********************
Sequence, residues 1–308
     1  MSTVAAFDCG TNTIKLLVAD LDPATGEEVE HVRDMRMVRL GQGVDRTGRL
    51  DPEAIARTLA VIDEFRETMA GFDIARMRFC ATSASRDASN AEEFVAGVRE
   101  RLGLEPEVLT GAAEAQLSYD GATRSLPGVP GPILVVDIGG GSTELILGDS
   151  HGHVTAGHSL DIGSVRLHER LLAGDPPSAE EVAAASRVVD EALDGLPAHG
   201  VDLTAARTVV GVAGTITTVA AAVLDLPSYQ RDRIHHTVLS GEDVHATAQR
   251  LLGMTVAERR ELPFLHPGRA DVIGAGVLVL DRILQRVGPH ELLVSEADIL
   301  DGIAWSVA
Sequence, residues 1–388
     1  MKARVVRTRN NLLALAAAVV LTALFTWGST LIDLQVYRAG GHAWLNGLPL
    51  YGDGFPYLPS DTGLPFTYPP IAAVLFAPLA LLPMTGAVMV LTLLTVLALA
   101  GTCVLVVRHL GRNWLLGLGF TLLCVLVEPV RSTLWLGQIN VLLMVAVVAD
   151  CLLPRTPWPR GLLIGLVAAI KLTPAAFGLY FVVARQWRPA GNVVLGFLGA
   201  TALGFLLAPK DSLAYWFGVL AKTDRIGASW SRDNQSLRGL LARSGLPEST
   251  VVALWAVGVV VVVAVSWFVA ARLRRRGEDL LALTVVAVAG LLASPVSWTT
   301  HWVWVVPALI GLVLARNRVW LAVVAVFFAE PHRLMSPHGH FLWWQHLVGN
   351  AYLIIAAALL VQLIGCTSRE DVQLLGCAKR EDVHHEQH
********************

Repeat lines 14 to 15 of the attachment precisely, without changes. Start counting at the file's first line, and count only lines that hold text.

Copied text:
   201  TALGFLLAPK DSLAYWFGVL AKTDRIGASW SRDNQSLRGL LARSGLPEST
   251  VVALWAVGVV VVVAVSWFVA ARLRRRGEDL LALTVVAVAG LLASPVSWTT